A six-week public inquiry into the sinking of the Hull trawler Gaul 30 years ago has ended.
An underwater camera reveals the wheelhouse of the sunken Gaul
The vessel sank in the Barents Sea on 8 February, 1974, without sending a mayday call. None of its 36 crewmen survived.
On Friday, lawyers for the skipper and the Department of Transport gave their final submissions to the judge.
The Wreck Commissioner, Mr Justice Steel, thanked the crew's families before adjourning to write his report.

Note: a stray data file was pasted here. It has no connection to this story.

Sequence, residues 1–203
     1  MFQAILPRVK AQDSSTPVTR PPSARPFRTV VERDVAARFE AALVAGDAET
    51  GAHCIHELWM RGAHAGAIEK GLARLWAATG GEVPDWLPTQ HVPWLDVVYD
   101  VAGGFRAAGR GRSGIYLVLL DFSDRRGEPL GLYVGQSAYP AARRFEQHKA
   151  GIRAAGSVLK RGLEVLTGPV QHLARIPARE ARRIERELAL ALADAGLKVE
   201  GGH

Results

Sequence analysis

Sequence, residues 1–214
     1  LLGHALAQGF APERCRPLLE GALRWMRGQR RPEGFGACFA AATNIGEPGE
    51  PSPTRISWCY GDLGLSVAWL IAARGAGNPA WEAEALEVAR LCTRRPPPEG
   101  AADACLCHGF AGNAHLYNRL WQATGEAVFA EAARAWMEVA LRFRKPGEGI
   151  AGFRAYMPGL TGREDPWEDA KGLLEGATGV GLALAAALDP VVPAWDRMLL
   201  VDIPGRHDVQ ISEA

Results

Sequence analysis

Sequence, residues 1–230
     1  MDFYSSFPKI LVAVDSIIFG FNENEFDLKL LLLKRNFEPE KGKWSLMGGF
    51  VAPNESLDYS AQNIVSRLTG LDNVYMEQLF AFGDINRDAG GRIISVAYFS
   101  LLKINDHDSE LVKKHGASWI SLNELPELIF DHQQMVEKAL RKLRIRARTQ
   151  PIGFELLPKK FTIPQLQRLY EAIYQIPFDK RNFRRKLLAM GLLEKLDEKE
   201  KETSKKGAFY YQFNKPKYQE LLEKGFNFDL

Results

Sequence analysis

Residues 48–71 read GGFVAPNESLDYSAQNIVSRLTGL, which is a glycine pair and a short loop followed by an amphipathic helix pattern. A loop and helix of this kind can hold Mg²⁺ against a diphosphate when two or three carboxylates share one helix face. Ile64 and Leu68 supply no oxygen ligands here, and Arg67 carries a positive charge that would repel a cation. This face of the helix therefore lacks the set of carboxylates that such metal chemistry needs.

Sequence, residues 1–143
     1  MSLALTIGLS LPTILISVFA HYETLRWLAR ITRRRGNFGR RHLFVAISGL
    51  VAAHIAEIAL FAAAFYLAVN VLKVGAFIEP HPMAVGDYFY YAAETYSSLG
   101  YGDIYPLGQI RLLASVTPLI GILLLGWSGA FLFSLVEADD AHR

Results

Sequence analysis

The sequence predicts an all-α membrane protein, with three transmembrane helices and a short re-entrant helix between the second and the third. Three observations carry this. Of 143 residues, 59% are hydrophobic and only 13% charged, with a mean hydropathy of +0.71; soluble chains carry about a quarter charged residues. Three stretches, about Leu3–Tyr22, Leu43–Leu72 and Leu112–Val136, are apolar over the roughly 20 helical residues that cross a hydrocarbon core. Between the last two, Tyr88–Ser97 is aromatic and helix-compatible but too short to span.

The first inquiry into the sinking concluded that the ship was overwhelmed by mountainous seas.
But speculation about her fate has persisted over the years, with reports that the trawler may have been involved in spying.
The Attorney General Lord Goldsmith told the inquiry
there was no evidence that the ship was involved in any form of espionage.
The latest hearing was ordered by Deputy Prime Minister John Prescott in 1999, after the wreck of the Gaul was found on the seabed in 1997 and surveyed.
A further survey, in 2002, discovered the remains of four of the crew who were lost.